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(such as electric shock, flashing light, or repeating sound) is applied to the test subject, it is difficult to ascertain the response in a directly recorded EEG. However, if we apply this signal summing or averaging technique, it is possible to obtain the evoked response. EXAMPLE 6.6 The electroretinogram (ERG) from a patient had a response to a flash of light that was buried in the noise such that the SNR was 1:1. A computer can be used to average this response over many flashes to extract it from the noise. How many responses to flashes need to be averaged to improve the SNR to 10:1 (20 dB) and 100:1 (40 dB)? ANSWER The SNR is improved by a factor of improvement we need 10 ¼ pffiffiffi n pffiffiffiffi n: so to get a 10-fold

n ¼ ð10Þ2 ¼ 100 samples averaged: For a 100-fold improvement we need 100 ¼ pffiffiffi n

(E6.18)

ð100Þ2 ¼ n ¼ 10;000 samples averaged

(E6.19)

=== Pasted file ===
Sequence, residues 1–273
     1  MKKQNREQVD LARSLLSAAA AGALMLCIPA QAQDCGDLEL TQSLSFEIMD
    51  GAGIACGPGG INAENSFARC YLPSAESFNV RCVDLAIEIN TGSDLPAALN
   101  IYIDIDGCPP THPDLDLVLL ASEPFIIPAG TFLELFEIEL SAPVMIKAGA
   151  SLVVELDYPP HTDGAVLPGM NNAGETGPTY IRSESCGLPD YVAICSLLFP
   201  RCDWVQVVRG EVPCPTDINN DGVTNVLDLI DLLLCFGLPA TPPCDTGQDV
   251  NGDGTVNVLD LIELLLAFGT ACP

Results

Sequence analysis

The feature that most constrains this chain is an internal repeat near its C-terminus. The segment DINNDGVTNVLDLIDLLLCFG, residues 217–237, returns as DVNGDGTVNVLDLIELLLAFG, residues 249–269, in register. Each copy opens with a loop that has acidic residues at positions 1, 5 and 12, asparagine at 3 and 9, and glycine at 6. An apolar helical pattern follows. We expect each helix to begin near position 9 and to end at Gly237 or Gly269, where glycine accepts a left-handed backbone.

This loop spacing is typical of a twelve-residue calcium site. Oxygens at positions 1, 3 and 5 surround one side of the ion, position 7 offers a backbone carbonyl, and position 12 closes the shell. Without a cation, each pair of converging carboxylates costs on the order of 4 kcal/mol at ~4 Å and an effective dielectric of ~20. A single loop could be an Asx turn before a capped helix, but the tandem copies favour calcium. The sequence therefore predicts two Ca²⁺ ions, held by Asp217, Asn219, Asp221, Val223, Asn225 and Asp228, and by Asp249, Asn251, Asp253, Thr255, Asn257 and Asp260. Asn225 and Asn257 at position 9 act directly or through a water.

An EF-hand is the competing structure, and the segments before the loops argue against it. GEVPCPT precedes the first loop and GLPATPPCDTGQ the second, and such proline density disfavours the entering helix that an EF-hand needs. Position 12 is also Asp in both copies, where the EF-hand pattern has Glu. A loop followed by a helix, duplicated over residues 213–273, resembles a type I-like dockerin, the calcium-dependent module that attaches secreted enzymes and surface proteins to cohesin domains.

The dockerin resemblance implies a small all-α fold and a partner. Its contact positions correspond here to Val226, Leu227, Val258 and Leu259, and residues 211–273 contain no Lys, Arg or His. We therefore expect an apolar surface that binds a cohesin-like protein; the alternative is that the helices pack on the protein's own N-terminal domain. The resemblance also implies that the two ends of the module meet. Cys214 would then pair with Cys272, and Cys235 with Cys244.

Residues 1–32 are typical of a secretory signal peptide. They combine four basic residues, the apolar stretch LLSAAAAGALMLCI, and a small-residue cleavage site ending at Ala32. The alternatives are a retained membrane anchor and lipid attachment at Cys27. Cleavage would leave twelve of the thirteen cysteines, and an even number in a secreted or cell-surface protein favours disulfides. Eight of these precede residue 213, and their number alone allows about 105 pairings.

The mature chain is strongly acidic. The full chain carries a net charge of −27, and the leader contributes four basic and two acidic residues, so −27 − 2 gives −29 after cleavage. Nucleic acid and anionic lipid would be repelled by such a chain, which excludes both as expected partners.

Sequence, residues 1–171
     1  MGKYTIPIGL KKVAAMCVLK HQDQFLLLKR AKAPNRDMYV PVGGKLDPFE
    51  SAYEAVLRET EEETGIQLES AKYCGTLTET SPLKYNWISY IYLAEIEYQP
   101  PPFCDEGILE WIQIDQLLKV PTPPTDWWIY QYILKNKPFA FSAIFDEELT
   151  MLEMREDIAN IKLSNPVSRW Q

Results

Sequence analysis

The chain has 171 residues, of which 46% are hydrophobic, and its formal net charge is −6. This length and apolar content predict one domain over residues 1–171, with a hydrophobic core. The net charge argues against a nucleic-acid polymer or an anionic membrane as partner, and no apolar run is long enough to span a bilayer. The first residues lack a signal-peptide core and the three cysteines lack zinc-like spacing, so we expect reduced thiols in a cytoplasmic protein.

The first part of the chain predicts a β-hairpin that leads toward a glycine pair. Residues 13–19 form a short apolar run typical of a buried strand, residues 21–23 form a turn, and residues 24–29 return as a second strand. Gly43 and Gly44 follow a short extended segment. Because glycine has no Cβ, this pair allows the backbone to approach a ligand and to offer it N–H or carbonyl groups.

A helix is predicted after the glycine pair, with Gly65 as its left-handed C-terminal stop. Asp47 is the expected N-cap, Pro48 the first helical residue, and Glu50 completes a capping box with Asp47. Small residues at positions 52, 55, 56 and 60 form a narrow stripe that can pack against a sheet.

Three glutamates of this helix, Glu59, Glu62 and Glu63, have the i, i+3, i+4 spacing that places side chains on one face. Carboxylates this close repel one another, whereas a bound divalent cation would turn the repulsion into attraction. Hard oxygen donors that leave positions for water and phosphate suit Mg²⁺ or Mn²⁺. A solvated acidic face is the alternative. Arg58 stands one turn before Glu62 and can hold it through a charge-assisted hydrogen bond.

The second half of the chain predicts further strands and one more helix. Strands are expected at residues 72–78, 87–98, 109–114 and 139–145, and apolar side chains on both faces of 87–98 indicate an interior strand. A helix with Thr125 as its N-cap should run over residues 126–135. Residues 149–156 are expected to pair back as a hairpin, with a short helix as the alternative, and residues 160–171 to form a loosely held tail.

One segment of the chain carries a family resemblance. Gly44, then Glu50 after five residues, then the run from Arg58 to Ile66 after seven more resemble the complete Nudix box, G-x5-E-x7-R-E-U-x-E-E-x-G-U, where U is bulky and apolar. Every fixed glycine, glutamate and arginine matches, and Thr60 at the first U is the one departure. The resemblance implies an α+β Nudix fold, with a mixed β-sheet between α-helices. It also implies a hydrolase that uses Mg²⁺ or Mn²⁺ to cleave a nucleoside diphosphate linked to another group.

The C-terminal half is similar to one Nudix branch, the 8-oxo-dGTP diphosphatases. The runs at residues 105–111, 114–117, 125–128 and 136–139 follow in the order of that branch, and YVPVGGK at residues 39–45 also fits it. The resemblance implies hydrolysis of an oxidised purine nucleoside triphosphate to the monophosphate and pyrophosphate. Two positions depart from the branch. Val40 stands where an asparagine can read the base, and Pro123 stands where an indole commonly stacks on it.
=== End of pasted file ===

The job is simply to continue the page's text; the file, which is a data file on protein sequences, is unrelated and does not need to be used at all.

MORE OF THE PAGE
Signal averaging is usually performed on a computer. The basic scheme involves digitizing the signal and then locating the stimulus. The response is stored in memory. After the second application of the stimulus, the signal is digitized and stored, and the stimulus is located. The first sample of the response after the stimulus is added to the first sample of the response to the first stimulus, and the sum remains in memory. The second samples taken of each response are added, and so on. The summed signal can be displayed on an oscilloscope, a chart recorder or printer. The operator of the system can look at the sum after each application of the stimulus to determine how many stimuli are necessary to extract the signal from the noise adequately. This technique can be used without applying the external stimulus. One example of its use is the recording of the ECG of a fetus. Although it is possible to record the fetal R waves from electrodes placed on the abdomen of the mother, artifacts generated by the ECG of the mother and other biopotentials, as well as by electrode noise, obscure the finer details of the fetal ECG. A signal-averaging technique similar to that we have described can be applied by using the fetal R wave in the same capacity as the stimulus. In this case the computer locates the R wave and averages several hundred milliseconds of the signal prior to it and several hundred milliseconds of the signal following it, in order to recover the complete P-QRS-T configuration of the fetal ECG. Such averaging techniques do not always work, however, because the various intervals of the fetal ECG, as well as the waveforms themselves, may change slightly from one beat to the next. The sum is an average of all the recorded